A is for Actionable. Make sure that the goal you’ve chosen is something where you can take a direct action. If, for instance, your goal is to reduce your body fat by 5%, or to reduce your measurements by 5 inches, define exactly what actions will get you there. Maybe you will eliminate sugar and grains from your diet for 8 weeks and then re-measure to check results. Maybe you’ll fill half your plate with steamed vegetables at every meal, and eat them first to fill up before moving on to your proteins and fats. Whatever you choose, be specific!
R is for Results-Based. As mentioned above, set a very specific goal, and then tweak your actions until you get there. If you’re working from a goal to reduce your body fat by 5%, and at the end of your pre-defined time span, you’ve lost 3% body fat, that’s still a success! You may not have quite hit your goal, but you’ve progressed in the right direction, and now you have a chance to look at your actions and, with a critical eye, decide what worked for you and what didn’t. Change the things that didn’t work. Maybe you decided to fill half your plate with vegetables but had a hard time finding vegetables to cook quickly, so you rarely did it. You could go buy a large bag of frozen veggies at Costco so you have them ready to steam in just a few minutes if needed. You get the picture – check your results, and change your plan if needed to keep moving toward your goal. Check in on your results often!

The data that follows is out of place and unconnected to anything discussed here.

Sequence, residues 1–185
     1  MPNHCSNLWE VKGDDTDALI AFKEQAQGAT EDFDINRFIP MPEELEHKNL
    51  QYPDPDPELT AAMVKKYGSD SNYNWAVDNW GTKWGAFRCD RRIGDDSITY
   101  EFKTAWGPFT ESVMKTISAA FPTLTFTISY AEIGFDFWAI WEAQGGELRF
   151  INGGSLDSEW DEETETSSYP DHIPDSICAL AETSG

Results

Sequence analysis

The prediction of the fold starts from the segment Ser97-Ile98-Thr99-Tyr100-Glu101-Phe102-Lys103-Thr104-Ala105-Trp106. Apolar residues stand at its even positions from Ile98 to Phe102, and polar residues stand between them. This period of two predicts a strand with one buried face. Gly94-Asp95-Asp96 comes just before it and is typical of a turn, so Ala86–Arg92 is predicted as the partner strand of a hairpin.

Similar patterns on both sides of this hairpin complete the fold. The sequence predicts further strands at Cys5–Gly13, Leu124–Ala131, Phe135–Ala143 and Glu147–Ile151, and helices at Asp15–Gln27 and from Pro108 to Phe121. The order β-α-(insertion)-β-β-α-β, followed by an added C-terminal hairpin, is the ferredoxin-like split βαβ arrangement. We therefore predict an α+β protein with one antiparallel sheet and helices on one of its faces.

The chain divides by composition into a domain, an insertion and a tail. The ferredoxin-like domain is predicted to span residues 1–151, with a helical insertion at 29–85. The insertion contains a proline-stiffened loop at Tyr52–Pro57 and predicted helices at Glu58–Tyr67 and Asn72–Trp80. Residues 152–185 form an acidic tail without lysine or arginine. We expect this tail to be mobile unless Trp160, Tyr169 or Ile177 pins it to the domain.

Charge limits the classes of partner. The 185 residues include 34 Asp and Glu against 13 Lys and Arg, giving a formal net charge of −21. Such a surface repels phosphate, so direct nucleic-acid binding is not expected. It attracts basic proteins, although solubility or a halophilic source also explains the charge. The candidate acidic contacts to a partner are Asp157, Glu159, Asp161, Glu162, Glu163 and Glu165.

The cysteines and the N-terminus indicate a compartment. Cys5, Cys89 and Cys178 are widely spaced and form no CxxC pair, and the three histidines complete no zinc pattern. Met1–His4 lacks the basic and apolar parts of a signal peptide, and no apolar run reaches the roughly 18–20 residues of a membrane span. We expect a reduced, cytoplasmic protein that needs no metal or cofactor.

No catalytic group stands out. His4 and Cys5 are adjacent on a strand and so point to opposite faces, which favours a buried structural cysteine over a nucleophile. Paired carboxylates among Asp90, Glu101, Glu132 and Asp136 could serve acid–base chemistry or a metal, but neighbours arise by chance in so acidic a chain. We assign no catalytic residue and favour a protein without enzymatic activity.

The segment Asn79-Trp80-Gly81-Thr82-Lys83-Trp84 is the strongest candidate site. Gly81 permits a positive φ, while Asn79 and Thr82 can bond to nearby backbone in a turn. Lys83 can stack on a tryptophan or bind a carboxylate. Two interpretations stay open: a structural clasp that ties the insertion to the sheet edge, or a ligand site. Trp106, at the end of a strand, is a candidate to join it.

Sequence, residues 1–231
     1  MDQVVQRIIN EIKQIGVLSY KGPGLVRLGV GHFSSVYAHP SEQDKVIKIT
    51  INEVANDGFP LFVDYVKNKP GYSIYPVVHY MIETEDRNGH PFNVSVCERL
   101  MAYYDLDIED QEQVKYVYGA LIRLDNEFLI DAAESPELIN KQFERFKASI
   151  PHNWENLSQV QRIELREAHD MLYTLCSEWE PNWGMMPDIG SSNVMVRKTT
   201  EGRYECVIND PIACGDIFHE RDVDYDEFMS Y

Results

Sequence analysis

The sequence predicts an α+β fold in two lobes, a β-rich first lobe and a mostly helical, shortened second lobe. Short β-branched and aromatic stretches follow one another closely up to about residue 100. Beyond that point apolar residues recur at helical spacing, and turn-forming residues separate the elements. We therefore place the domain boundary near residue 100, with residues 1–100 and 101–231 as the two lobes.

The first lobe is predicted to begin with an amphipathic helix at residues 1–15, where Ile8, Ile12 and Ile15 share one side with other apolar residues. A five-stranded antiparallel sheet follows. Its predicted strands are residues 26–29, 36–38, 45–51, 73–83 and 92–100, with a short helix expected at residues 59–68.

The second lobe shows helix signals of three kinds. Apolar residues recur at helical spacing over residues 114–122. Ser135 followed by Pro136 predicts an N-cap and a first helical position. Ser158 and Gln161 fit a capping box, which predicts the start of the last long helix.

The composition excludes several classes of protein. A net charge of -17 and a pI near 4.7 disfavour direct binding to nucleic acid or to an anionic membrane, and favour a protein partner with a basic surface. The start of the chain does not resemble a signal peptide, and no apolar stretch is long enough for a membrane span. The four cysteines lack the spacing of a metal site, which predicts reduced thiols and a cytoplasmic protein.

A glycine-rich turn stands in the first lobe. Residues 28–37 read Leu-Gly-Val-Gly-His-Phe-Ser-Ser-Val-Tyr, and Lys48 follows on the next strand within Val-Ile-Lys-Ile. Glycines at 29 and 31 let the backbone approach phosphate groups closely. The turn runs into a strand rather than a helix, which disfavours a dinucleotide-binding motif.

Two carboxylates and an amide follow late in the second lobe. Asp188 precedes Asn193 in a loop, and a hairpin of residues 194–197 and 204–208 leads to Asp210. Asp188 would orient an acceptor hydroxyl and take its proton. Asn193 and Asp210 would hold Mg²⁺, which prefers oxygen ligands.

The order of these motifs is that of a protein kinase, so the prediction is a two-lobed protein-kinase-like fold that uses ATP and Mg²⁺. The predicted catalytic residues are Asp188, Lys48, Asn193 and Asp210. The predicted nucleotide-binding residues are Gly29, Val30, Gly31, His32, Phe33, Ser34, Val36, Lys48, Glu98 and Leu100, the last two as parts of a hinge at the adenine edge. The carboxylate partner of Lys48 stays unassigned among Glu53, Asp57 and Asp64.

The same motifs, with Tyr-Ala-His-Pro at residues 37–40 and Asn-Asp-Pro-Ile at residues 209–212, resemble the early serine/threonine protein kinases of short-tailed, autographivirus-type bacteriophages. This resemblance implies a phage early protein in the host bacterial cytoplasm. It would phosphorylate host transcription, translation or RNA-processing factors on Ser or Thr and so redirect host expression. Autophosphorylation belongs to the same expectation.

T is for Time-Oriented. You should check in on yourself frequently. Time is an important factor because you don’t want to set your goals so far ahead that you can’t measure each positive instance. A bad goal is: I want to lose 50 pounds by the end of 2016. A good goal is: I want to lose 10 pounds by the end of February 2016. Once you’ve lost that first 10 pounds, set another goal just 8 weeks or so in the future, and check back in again. These short-term goals are much easier to keep focused on, and this way you can easily measure progress. It’s easy to get discouraged if you feel you’re taking tiny steps toward a large goal. Break it down into manageable pieces, and take it one day at a time. Never set a goal more than 8-10 weeks ahead so that things stay manageable and keep your focus.
One last piece of advice: adopt the rule of no fault, blame, guilt or shame. If you don’t meet your goal, or even make any progress toward it during the allotted time, don’t waste any mental energy beating yourself up over it. Don’t spend time on fault or blame (work/family got so busy that I didn’t have time), guilt or shame (I never seem to make any progress, I ate like complete crap this month, why even bother?). These negative thought cycles are so destructive and serve no purpose other than to derail you. If you find at the end of your 8 weeks that you’ve made no progress, take a look at your goals and be honest about what worked and what didn’t. Was your goal SMART? Was the change manageable? Maybe you need to start with just a few clean meals per week and increase from there. Did you eat well, but drink like a fish? Take an objective approach and re-set new goals based on what you discover.
And of course, when in doubt, talk to any of your FLEX coaches about your goals and how we can help you achieve them. That’s what we’re here for! Happiest of holidays to all of you. See you around the gym.